Strategic Bombing Survey

related topics
{war, force, army}
{rate, high, increase}
{work, book, publish}
{service, military, aircraft}
{company, market, business}
{disease, patient, cell}

The term strategic bombing survey refers to a series of American examinations of many topics related to their involvement in World War II. The primary purpose of the survey was to determine the effectiveness of Allied, and more specifically American, strategic bombing campaigns in Europe and in Asia against the Axis powers. Other areas covered were medical treatment of casualties, intelligence/counter intelligence, and war production and distribution.

There are over one hundred reports comprising many thousands of pages. The surveys are careful reports that presented many details of the effects of Allied aerial attacks on the Axis powers. The Survey is an excellent source of detailed information about Axis war production.

The reports' conclusions were generally favorable about the contributions of Allied Strategic Bombing towards victory, but the results were mixed in a few specific areas of the Axis war economies. For instance, the European survey documented increased German war production in some categories of materials, despite considerable Allied bombing. These increases in 1944 German war production (fighter aircraft for example) were possible only through extraordinary efforts by the Germans. These increases would have been even greater had not strategic bombing taken place. Later post-survey research now suggests that some amounts of German war production documented by the Germans at-the-time were inflated by German manufacturers to avoid severe political repercussions.

There is also the instance of German fighter aircraft production numbers being too high, because late-war Me 109 aircraft rebuilds were also counted as new production in 1944–45. This information was not known at the time the Survey was being completed.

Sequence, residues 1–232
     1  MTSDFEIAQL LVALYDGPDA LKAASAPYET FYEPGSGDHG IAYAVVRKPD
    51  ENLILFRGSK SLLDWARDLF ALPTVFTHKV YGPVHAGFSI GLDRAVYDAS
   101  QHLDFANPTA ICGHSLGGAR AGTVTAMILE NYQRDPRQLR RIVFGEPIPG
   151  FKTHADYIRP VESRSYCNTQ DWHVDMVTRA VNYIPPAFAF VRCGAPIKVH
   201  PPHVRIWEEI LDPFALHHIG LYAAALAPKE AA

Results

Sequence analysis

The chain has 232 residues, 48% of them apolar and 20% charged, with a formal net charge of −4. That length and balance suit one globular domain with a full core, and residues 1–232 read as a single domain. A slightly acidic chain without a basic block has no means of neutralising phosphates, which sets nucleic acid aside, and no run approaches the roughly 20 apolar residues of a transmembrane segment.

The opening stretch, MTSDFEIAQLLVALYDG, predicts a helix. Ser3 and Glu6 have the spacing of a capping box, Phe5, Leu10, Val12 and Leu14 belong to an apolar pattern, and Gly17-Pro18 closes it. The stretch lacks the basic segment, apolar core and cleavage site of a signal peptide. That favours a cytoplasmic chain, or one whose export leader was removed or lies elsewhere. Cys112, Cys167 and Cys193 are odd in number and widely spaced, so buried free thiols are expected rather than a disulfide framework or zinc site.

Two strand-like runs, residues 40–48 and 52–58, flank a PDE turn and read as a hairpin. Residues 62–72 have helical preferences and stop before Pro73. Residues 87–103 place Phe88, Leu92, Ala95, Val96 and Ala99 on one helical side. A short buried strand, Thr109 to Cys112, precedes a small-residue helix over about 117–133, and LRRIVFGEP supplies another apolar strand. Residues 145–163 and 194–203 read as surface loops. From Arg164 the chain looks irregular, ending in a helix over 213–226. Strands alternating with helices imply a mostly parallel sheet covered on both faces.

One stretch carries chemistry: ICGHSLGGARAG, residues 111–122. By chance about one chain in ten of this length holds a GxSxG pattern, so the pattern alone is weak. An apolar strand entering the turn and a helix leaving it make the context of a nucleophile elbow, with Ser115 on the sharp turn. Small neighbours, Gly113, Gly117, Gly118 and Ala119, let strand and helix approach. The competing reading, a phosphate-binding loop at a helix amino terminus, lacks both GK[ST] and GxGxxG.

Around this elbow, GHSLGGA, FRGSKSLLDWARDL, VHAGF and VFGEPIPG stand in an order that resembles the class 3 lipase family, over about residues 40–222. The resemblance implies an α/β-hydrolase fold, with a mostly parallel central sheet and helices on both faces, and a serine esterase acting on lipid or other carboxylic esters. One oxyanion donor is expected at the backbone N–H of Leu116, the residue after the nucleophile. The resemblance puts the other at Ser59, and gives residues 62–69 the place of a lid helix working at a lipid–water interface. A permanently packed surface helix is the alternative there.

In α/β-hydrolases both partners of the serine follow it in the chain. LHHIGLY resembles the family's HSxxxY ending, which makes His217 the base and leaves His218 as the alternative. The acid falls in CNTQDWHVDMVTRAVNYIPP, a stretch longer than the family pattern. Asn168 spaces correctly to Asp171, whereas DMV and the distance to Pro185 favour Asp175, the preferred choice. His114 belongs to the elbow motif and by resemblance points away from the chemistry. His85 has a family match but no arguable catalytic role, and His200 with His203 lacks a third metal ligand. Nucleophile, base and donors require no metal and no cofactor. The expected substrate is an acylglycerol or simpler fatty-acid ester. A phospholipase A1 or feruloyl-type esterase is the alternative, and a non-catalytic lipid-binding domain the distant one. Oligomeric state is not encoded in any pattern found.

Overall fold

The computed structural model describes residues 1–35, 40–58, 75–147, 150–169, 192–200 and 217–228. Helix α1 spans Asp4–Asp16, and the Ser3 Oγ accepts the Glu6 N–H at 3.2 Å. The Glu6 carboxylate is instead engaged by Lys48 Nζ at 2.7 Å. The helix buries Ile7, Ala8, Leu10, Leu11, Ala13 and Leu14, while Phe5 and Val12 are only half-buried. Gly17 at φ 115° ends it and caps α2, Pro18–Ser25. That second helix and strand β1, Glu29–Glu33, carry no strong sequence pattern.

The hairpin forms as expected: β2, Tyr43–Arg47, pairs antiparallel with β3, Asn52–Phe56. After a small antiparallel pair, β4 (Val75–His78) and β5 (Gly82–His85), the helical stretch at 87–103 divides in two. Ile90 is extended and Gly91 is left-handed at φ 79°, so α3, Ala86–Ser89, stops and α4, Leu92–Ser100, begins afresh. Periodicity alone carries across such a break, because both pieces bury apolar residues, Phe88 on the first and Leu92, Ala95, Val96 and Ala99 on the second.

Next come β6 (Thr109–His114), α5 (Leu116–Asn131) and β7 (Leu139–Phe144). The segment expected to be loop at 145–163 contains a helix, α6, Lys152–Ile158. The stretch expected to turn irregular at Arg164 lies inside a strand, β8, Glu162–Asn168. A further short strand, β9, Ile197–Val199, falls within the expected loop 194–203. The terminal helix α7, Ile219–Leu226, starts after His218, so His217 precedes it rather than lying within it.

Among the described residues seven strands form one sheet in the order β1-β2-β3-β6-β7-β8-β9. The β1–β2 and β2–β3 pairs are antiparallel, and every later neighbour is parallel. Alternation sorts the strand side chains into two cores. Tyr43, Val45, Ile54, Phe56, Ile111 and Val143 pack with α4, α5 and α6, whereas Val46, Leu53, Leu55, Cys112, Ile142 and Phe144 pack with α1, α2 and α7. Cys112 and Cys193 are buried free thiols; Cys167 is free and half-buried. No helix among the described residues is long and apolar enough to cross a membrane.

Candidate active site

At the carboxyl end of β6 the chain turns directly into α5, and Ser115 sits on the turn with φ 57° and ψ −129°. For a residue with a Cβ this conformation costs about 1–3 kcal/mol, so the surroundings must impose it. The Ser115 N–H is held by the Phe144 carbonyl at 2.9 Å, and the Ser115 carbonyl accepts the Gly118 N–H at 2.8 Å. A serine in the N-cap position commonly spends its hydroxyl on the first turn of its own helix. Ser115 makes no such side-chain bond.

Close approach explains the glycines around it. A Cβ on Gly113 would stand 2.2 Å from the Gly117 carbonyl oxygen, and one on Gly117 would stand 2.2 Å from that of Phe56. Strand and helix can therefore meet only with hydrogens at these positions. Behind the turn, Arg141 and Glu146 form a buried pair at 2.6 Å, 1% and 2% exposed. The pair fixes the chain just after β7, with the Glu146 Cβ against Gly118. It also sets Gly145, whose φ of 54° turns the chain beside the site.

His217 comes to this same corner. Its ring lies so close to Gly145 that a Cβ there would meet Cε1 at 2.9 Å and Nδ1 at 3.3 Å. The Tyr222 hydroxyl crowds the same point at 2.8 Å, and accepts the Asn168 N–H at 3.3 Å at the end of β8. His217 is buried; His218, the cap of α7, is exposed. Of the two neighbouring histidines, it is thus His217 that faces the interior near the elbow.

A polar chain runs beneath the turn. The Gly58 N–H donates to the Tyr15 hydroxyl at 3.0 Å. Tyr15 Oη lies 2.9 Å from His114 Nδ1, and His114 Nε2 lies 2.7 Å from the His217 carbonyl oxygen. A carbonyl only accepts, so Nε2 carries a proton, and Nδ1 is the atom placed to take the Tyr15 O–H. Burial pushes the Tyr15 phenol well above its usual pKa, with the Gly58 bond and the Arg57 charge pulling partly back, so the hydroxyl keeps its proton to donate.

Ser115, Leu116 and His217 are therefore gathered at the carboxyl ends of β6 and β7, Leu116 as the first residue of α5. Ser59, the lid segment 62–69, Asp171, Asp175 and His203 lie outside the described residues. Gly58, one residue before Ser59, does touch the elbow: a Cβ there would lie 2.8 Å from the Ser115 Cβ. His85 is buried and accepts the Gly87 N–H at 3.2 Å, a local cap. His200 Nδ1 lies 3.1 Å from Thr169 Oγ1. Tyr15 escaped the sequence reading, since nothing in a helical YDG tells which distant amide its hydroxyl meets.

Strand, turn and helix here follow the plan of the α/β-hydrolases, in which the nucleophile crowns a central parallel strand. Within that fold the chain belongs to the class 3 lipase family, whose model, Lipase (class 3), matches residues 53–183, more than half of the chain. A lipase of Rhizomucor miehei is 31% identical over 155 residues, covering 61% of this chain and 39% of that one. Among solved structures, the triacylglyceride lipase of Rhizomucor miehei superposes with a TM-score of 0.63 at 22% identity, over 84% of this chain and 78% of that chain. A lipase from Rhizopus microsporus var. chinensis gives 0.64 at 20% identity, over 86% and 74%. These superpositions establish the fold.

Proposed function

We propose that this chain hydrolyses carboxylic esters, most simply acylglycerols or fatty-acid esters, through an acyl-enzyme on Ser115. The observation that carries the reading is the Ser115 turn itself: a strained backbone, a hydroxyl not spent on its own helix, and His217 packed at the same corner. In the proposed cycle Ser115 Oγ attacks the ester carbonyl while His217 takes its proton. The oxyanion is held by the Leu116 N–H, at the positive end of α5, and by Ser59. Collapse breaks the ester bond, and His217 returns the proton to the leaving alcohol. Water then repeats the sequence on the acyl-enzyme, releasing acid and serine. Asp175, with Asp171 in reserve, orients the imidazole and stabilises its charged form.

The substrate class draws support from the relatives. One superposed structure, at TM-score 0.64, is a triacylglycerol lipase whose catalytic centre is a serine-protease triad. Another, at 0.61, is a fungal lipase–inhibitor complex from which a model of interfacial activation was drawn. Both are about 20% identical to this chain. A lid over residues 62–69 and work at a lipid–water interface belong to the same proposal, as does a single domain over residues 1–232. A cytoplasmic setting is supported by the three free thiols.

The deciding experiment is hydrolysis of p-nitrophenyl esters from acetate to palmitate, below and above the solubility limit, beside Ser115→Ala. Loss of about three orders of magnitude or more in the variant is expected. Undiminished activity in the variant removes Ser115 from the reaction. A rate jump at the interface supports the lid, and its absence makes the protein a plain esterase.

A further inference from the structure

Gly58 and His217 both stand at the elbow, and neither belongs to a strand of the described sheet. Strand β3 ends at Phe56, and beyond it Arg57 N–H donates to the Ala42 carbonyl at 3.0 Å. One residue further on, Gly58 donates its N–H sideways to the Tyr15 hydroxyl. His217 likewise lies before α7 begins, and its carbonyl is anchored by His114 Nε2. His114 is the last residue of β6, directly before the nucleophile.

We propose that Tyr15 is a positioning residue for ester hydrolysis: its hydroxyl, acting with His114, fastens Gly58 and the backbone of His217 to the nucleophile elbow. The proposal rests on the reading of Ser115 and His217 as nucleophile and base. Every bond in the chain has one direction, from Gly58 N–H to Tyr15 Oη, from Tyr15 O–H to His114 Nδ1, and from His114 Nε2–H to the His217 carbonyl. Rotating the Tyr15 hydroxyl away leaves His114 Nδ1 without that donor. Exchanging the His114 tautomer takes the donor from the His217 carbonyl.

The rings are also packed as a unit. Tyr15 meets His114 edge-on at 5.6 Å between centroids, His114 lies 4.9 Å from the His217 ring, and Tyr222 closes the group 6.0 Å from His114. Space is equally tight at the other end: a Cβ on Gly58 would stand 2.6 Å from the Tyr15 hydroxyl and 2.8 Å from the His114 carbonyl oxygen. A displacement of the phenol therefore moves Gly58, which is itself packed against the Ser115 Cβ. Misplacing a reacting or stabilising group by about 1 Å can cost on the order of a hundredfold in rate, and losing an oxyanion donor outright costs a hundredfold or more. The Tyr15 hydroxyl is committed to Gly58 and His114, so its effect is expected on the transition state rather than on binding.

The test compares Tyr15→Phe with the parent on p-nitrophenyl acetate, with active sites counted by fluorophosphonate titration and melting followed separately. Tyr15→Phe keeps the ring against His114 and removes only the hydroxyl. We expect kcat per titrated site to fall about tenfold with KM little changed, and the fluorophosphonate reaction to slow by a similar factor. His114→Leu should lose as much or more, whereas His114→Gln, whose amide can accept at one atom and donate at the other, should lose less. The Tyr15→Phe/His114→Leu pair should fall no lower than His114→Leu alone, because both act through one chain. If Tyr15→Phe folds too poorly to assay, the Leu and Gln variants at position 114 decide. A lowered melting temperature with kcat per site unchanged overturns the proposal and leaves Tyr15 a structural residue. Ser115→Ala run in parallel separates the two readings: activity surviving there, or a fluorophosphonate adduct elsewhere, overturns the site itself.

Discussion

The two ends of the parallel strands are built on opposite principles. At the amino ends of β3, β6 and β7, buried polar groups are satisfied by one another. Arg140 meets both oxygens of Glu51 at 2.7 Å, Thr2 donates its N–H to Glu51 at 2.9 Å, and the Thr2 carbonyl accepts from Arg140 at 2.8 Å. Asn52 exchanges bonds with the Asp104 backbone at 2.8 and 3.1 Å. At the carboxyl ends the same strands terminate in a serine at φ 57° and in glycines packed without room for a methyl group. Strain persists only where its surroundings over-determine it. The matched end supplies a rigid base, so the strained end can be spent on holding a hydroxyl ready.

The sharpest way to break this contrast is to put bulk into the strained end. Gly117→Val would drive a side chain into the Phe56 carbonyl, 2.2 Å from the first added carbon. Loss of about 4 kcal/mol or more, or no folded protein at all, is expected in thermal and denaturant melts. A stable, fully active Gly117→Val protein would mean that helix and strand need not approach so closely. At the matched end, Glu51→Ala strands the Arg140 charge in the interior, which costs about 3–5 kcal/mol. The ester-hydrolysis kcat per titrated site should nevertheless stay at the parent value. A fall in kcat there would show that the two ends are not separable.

Noted economist John Kenneth Galbraith was a leading member of the survey.

There were three major surveys:

The 1946 survey on the atomic attacks coined the term "ground zero", defining it as "the point on the ground directly beneath the point of detonation"[1] (the original atomic bombs were detonated more than 500 meters above ground—at the point termed "air zero" in the report—for maximum destructive effect[2]).

See also


  • Wesley F. Craven and Cate James Lea. The Army Air Forces in World War II. 8 vols. Chicago: University of Chicago Press, 1948–1958. Official AAF history.
  • Lee Kennett. A History of Strategic Bombing. New York: Scribner's, 1982.
  • Alan J. Levine, The Strategic Bombing of Germany, 1940-1945 (1992)
  • Alfred Mierzejewski. The Collapse of the German War Economy, 1944–1945. Chapel Hill: University of North Carolina Press, 1987.
  • United States Strategic Bombing Survey. Over-All Report (European War) . Washington: Government Printing Office, 1945.
  • United States Strategic Bombing Survey. The Defeat of the German Air Force. Washington: Government Printing Office, 1947.
  • United States Strategic Bombing Survey. The Effects of Strategic Bombing on German Transportation. Washington: Government Printing Office, 1947.
  • United States Strategic Bombing Survey. The Effects of Strategic Bombing on the German War Economy. Washington: Government Printing Office, 1945.
  • Sir Charles Webster and Noble Frankland. The Strategic Air Offensive against Germany. 4 vols. London: Her Majesty's Stationery Office, 1961. Official British history.

Full article ▸

related documents
Battle of Nördlingen (1645)
Treaty of Stralsund
King George's War
Direction de la surveillance du territoire
Treaty of Lunéville
Clearchus of Sparta
Yves Langlois
Sadao Munemori
Convention of Kanagawa
Bahram II
Yazdegerd II
Artaxerxes II of Persia
Gavrilo Princip
Westerbork (camp)
Sargon II
Christopher Ewart-Biggs
2nd century BC
Treaty of Nissa
Jeffrey Amherst, 1st Baron Amherst
Trần Văn Trà
Timeline of Afghanistan (November 2001)
A. Peter Dewey
Fort Dearborn massacre
Second Triumvirate
Hans Fritzsche